Ursula K. Le Guin: the Masterworks

If you were to draw a Venn diagram of Science Fiction & Fantasy authors** whose brilliance is acknowledged by critics and readers within the SF field and by critics and readers within the Literary community, you would not require an abacus to keep count of those who appear in the middle.

You’d find J.G. Ballard, of course, and his friend Michael Moorcock. You’d find Brian Aldiss, Christopher Priest, Iain (M.) Banks and – now, at least, though not during his lifetime – Philip K. Dick.  You’d find China Miéville, Karen Joy Fowler and Jeff VanderMeer and a handful of others. And without question, you would find Ursula Kroeber Le Guin.

On Monday, we re-posted Ursula Le Guin’s wonderful acceptance speech for the National Book Foundation’s Medal for Distinguished Contribution to American Letters – a clear indication of the esteem in which she is held by the literary mainstream. Now, we’d like to celebrate her triumphs in the field of science fiction, as illustrated by her titles in the SF Masterworks series.

For lovers of short fiction, there’s the omnibus of two of her finest collections: The Wind’s Twelve Quarters and The Compass Rose, which contains such classics as Hugo Award-winner ‘The Ones Who Walk Away from Omelas’, the Nebula Award-winning ‘The Day Before the Revolution’, and the Hugo-nominated ‘Winter’s King’. The omnibus is available as an SF Masterworks paperback with The Wind’s Twelve Quarters (1975) and The Compass Rose (1982) available as separate eBooks.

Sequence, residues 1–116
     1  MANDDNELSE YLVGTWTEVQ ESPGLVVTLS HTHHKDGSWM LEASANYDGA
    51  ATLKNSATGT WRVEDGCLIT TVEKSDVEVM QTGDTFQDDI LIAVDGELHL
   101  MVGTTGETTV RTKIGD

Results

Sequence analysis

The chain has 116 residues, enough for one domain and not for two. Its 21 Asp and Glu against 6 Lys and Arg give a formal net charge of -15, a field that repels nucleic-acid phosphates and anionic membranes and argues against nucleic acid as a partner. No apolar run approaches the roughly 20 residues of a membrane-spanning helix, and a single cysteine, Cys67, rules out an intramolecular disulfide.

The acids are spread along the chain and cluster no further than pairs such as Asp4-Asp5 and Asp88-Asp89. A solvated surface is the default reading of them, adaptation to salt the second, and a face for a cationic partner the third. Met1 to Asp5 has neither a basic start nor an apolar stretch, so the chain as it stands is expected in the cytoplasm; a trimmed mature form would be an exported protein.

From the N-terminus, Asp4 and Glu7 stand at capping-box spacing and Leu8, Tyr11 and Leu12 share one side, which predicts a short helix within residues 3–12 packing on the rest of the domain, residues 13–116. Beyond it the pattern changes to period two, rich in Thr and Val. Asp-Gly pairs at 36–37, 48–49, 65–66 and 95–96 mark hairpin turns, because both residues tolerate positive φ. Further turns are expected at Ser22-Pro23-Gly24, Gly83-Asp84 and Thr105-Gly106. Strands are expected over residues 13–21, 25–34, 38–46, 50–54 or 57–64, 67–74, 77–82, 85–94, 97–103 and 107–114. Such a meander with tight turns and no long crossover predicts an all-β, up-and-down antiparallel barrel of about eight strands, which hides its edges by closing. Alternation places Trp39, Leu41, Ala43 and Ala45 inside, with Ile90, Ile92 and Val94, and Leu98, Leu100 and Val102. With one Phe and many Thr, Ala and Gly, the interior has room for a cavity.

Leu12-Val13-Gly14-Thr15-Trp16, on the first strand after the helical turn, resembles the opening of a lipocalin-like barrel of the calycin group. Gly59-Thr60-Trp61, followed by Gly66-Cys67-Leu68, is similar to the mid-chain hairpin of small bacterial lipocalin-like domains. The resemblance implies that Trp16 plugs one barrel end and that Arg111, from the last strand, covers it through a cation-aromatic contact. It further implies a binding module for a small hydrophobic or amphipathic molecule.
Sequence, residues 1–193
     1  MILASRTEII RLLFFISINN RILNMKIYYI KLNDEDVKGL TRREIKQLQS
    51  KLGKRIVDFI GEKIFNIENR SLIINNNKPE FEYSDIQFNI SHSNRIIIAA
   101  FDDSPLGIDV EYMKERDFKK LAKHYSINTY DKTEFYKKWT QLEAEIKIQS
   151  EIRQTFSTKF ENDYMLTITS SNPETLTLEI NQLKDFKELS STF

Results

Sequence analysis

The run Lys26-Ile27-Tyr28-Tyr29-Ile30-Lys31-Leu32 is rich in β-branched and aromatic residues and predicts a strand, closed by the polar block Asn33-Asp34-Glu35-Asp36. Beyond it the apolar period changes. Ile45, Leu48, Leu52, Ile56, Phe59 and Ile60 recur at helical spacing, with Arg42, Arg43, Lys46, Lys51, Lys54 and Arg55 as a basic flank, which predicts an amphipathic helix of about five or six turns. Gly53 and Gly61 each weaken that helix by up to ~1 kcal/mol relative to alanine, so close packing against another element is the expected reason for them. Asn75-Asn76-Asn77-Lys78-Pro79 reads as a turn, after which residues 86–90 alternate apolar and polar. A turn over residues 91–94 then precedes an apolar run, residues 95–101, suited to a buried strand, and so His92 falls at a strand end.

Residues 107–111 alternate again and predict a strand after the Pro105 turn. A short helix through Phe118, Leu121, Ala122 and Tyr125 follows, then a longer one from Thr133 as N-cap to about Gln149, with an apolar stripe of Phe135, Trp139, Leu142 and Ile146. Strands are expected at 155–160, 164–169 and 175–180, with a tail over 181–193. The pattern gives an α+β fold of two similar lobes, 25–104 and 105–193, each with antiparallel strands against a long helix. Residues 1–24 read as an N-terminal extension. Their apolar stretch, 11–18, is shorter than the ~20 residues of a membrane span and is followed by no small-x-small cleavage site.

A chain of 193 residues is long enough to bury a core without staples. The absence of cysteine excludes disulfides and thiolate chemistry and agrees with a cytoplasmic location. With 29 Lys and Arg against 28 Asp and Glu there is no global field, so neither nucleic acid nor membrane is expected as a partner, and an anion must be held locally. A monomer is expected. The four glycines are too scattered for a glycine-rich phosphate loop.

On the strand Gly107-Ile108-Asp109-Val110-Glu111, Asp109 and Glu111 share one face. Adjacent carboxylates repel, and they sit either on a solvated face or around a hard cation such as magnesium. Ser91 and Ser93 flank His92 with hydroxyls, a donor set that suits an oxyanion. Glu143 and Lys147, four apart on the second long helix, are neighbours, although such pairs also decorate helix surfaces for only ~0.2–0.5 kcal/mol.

Then there are two great exemplars of anthropological SF: Hugo Award-winner The Word for World is Forest (1972) and the astonishing Always Coming Home (1985).

If anthropology isn’t your thing, you could do a lot worse than try Le Guin’s 1971 novel about a man whose dreams can change reality, The Lathe of Heaven (1971) – shortlisted for both the Hugo and Nebula Awards. Or you could enter her acclaimed Hainish universe with the novel that went one better than Lathe, and won both the Hugo and the Nebula: The Dispossessed (1974).

And, as of this very month, you can find a serious candidate for the title of greatest SF novel ever written: the extraordinary Hugo and Nebula Award-winner, The Left Hand of Darkness (1969), which we’re delighted to welcome into the SF Masterworks list.

Looking back over those incredible titles it’s impossible not to be stunned by the range and calibre of Ursula Le Guin’s work. Arguably, from the late ’60s to mid-’70s only Robert Silverberg could claim to rival her for quality and quantity. And remarkably, this is only half the story!  It can’t have escaped your attention that we’ve only covered (some of) Le Guin’s SF. What about her Fantasy?

Ah! Stay tuned . . .

** For the avoidance of doubt, I’m referring to writers who came from within the SFF field, not those who made their names as literary writers but are also well-received by SFF readers and critics. Thus: no Margaret Atwood or Michael Chabon or Kazuo Ishiguro, et al.